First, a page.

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My Childhood NDE Became My Gift

In the two weeks before I had my NDE, I had had two traumatic injuries to my left foot: first, it was caught in a slammed car door, and later it was crushed in a merry-go-round. As a result, I developed osteomyelitis, and my foot swelled up to the size of a football. I was rushed to the ER. My mother, a nurse, told the doctors that I was allergic to penicillin, but somehow I got a massive dose anyway. I went into anaphylactic shock and clinically died.

As I was very sick and feverish when I was brought to the hospital, I was barely conscious of my surroundings. But suddenly, I felt myself rising up into the corner of the green room where I could see my mother and the doctor leaning over me. Everything in the room was crystal clear and more vibrantly colored and detailed than usual; I can remember all the details even now as if it were watching a movie.The doctor was telling my mother that he didn't think I could be revived, and my mother was crying.

In retrospect, my emotions seemed much more adult and mature than that of a young child. I felt great love and compassion for my mother. I wanted to tell her that it was all right to be dead, but simultaneously understood that I could not communicate with her. I felt great sadness for her, but none for myself.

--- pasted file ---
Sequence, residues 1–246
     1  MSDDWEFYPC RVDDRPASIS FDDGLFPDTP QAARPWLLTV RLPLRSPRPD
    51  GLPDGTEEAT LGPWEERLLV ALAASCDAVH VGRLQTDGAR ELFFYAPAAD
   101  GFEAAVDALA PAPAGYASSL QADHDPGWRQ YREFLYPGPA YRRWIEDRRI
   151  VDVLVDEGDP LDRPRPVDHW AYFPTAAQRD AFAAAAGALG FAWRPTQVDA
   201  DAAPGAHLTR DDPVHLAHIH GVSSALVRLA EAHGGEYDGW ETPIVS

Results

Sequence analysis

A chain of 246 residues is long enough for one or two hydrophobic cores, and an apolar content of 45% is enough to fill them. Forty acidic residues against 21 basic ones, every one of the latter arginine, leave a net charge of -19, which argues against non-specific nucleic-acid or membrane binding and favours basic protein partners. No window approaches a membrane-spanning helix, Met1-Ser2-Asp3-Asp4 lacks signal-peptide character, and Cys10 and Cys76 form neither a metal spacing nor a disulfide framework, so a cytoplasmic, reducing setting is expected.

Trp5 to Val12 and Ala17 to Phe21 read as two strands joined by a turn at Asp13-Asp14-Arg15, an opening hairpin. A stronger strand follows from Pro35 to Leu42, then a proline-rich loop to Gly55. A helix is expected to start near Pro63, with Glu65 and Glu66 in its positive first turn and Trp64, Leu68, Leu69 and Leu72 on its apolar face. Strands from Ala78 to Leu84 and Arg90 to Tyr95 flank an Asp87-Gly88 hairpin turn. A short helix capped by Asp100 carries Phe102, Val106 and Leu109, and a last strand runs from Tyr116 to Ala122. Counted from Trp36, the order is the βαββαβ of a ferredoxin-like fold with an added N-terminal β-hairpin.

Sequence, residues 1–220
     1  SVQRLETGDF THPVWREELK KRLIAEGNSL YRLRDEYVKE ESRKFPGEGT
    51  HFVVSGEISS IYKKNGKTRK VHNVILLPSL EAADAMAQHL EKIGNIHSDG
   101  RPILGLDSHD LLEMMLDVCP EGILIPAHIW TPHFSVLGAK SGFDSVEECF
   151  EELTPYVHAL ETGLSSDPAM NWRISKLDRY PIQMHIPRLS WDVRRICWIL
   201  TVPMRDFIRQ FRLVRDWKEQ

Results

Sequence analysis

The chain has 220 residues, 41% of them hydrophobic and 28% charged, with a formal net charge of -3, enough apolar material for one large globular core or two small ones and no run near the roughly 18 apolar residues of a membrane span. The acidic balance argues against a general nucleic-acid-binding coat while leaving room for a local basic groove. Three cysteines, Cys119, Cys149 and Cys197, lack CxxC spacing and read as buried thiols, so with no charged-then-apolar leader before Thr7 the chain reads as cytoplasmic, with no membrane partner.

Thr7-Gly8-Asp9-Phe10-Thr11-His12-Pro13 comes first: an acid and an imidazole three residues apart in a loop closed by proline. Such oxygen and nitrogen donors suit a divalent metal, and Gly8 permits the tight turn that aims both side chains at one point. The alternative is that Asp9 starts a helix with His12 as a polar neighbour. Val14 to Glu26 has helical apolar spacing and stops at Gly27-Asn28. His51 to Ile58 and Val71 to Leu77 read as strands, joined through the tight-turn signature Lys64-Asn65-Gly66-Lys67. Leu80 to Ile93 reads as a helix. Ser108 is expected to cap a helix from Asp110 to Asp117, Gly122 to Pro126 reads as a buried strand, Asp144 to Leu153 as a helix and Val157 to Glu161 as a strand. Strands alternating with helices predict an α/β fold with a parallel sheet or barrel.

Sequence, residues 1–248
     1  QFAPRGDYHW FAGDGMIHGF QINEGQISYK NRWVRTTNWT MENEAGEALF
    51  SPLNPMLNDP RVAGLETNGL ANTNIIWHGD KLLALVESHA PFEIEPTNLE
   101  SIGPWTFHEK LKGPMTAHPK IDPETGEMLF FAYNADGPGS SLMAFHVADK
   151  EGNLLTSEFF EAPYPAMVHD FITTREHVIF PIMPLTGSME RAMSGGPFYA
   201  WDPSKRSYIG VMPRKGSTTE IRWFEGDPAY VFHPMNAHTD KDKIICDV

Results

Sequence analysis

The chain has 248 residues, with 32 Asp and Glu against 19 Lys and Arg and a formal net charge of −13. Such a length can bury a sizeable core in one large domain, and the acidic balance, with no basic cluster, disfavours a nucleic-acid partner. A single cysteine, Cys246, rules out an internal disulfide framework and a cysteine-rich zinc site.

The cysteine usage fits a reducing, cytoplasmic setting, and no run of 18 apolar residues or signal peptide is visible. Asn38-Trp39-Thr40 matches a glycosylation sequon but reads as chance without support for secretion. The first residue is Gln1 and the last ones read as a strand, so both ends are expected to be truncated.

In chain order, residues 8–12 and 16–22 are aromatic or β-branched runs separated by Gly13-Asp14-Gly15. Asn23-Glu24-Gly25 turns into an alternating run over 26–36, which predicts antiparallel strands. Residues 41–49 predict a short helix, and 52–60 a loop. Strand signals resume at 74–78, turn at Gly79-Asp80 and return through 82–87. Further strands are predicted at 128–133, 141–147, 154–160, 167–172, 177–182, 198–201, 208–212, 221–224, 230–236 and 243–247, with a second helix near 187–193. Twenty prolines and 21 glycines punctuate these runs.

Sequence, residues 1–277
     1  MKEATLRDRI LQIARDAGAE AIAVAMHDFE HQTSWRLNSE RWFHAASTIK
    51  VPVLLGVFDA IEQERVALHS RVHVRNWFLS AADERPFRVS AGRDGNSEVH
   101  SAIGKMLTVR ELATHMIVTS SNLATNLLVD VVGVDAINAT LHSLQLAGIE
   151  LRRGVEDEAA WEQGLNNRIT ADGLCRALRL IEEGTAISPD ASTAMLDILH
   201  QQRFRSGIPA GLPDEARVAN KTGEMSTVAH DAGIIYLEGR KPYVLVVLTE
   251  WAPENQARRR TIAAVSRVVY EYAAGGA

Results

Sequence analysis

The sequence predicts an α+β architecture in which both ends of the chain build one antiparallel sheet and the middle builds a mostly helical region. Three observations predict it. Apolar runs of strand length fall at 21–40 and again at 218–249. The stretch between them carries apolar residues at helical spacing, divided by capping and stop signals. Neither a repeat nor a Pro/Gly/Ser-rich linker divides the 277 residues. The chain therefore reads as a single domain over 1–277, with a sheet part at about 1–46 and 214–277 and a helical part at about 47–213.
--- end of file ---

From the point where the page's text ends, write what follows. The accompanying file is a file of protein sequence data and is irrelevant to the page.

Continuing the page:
The next thing I knew, I was awake in a different room after having been revived, looking up at my bandaged foot. Before this incident, my memories had been episodic; after, my continuous memories of childhood began.

The experience was quite profound and left me feeling that I needed to spend my time on earth wisely on things that mattered. I wound up studying very hard, attended some of the world's best universities and had a satisfying career.

But throughout my youth, I felt I could tell no one about the out-of-body experience, even though it was the most "real" experience I had ever had in my life--or have had since. (I can't prove it, but I am convinced it really happened and wasn't the result of altered brain chemistry.) I never even told my mother.

In the mid-'70s, when I was just out of college, I was in Charlottesville, Va., and Raymond Moody gave a talk about his then-upcoming book, "Life After Life." He asked if anyone had had a NDE as a child. I went up after his talk and told him about mine. It was a great relief finally to tell my "secret" to someone who would take it seriously!

The most lasting effect of the experience is that I no longer fear death, though I do not seek it. I also think I became a more compassionate and understanding person because of it. I now think of the experience as a gift.

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